Things I do in Madagascar that I would never do in the US:
1: Wear yoga pants everywhere (even the mayor’s office)
2: Tell people they are ugly when they ask if they can marry me
3: Go to sleep around 7 or 8
4: Read fiction – ugh
5: Eat meals consisting of 90% rice
6: Sweep dirt
7: Complain about how expensive eggs are
8: Play petanque without an Obut ruler, Pastis, and orange juice
9: Listen to an inordinate amout of Die Antwoord (ok, yea, I did that in US too)
10: Make random noises during conversation (usually noncommittal)

Hello from Nosiarina,

Yesterday I went to my first Gasy funeral. I didn’t really know I was going until I got there. My women’s group president came to my house, told me to put on a lamba and bring 1000 ariary and 2 kapoka of rice (about 3 cups). We end up in this house with a dead person lying on a bed. It was one of the creepiest things I have ever seen, but apparently very common. I have actually never been to a formal funeral in the United States, so this made the experience even more morbid for me. I was told that you’re supposed to just sit around the body for about 3 or 4 hours until somebody makes food. I left after about an hour… It was getting hot, and I’m not an expert on dead bodies or anything, but I would imagine that that house was not going to smell very good once it started to get hot, so I gave someone who appeared to be taking money my 1000 ariary and 2 kapoka rice and hightailed it out of there.

My counterpart bought me a petanque set a couple of weeks ago, and it’s actually a petanque set, complete with a cochon and everything. Unfortunately, there is no formal court in my village, or anywhere in Madagascar for that matter, so I play in front of my house. It’s crazy how many people stop and watch when I’m playing. The crowd yesterday reached about 30. I don’t let the kids play with me anymore because they cheat and throw the boules into the pig pen nearby, at which point I force them to wash all of my boules with soap (I will not play with pig shit on my boules).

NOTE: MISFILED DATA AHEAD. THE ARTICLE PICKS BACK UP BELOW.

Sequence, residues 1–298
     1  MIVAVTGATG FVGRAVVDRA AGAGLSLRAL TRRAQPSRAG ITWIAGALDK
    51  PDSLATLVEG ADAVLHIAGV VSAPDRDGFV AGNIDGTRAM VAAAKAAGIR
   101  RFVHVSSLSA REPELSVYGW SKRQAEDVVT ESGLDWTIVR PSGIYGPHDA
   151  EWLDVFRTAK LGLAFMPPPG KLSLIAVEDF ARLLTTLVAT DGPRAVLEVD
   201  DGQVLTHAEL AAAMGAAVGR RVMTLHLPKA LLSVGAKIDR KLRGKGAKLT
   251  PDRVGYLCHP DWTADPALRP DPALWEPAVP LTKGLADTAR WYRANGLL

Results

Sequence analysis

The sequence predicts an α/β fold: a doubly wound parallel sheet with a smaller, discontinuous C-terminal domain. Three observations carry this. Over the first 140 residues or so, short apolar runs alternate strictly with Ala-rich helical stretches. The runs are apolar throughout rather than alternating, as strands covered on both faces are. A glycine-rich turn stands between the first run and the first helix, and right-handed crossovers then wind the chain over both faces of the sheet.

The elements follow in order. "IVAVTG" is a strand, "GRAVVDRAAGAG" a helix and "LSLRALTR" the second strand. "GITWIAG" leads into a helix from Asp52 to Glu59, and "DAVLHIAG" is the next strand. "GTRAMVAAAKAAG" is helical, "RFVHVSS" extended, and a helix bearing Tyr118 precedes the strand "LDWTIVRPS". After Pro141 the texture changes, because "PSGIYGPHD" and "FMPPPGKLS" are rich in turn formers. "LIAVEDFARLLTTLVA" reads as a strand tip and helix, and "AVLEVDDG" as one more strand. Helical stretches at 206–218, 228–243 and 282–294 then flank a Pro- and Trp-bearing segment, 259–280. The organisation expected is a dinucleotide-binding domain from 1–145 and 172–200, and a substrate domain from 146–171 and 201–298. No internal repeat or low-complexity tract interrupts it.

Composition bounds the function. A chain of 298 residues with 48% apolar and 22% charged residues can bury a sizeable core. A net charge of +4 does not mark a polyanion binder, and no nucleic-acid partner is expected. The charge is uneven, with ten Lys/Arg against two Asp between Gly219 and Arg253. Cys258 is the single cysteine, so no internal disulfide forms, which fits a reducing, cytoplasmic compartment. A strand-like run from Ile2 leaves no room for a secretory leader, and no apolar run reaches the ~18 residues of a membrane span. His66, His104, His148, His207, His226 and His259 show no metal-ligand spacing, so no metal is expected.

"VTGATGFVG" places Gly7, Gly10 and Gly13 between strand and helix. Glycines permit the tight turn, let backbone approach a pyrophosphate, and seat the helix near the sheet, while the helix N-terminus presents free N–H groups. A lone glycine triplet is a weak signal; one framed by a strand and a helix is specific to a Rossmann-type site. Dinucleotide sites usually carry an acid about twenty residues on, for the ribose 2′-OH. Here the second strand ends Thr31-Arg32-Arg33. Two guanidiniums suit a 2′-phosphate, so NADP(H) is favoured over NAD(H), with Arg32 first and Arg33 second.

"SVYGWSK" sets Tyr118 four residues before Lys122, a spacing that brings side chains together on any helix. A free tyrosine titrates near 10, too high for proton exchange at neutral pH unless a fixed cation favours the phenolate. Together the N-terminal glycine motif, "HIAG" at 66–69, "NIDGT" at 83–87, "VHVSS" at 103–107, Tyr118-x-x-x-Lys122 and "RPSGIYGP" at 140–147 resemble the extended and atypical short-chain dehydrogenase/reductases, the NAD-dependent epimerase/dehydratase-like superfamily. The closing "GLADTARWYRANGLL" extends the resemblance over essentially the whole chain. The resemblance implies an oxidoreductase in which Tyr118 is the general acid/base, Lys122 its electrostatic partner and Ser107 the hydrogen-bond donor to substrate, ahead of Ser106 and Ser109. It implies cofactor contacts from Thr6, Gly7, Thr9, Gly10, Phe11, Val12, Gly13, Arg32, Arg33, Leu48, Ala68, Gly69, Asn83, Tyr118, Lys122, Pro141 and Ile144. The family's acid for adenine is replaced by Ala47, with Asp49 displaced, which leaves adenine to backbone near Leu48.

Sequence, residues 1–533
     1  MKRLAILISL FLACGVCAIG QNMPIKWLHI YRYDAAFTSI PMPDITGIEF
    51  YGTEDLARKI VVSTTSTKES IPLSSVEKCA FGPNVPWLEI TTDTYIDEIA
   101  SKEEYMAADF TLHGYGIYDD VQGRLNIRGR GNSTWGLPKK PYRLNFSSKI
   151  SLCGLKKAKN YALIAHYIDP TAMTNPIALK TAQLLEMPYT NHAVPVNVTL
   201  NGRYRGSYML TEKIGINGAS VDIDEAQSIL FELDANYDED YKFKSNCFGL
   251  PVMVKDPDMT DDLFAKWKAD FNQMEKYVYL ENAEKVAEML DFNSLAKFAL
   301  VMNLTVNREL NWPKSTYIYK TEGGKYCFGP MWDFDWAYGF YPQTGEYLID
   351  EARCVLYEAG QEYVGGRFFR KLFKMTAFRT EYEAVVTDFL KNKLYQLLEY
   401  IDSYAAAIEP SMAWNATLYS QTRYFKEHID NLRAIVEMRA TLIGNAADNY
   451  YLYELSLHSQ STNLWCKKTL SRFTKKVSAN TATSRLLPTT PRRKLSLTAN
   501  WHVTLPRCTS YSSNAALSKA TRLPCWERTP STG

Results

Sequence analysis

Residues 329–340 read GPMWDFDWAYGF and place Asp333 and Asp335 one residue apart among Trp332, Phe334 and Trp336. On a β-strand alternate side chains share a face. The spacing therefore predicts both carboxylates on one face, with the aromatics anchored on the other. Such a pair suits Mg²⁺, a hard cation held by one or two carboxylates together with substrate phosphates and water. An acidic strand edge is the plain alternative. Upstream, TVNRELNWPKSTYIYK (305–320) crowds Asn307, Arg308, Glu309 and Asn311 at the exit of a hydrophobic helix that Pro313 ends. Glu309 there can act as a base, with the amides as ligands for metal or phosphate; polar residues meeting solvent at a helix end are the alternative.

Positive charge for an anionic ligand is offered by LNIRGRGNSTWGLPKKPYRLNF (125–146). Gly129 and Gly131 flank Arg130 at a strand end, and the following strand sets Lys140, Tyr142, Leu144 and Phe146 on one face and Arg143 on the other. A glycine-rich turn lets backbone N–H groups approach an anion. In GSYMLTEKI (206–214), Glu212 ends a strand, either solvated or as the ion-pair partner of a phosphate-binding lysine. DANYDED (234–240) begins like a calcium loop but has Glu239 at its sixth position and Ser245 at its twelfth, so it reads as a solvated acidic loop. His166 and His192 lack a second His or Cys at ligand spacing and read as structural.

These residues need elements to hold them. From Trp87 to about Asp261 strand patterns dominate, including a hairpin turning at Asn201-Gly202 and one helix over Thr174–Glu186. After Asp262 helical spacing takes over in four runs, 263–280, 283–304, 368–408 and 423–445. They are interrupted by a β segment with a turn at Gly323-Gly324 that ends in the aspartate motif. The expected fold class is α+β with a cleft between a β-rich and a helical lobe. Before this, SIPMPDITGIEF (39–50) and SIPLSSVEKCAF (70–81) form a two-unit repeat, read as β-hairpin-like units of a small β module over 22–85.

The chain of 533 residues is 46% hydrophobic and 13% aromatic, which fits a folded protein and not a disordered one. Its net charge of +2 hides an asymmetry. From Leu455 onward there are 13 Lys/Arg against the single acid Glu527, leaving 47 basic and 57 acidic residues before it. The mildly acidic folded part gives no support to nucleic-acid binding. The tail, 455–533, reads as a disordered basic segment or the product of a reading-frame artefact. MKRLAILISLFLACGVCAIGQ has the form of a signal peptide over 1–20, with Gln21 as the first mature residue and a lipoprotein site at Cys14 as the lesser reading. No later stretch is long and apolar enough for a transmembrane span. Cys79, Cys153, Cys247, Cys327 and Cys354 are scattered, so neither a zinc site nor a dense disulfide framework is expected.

Still working with my women’s group a lot. Our garden is huge, and I hope to get some pictures of it soon. Meanwhile, my garden has been destroyed by my neighbors chickens. The only things that remain are some tomato plants and a radish. My counterpart has sent his workers over to build a more secure, chicken proof, fence. This makes me very happy because I have recently been complaining about the price of carrots on a daily basis (1000 ariary/kilo – $0.50 USD/kilo). Yea, I know it’s still super cheap, but I live on a Gasy salary now, and I’m allowed to complain about these kinds of things.

Tomorrow, my women’s group is having an all-day party at my house. They have been planning it for weeks. It was made very clear to me that I have to drink copious amounts of hard alcohol with them, but I think I’ll just have a beer. They get kind of out of control, like when they drink Toka Gasy (think moonshine) while farming. Also, this means that I have to sweep my dirt. Yes, sweep my dirt. Since the party is in my garden, I have to make sure it looks nice, right? It’s actually a long process: first you use a shovel to weed your dirt, then you rake the weeds up, then you sweep your dirt. One of my neighbors saw my sad effort of doing this today and offered to help. I thought it was very nice of him, but then I noticed him looking at my iPod and speakers (which I forgot to hide, …crap) and proceeded to tell him that the batteries were about to die, and you couldn’t charge them in Madagascar (in case he wanted to steal them). Speaking of stealing, somebody has been stealing my shoes in the middle of the night! I mean yes, I leave them outside, they are the shoes I use when I shower, but I didn’t think anybody would steal them. Obviously, I bring them into the house now… problem solved.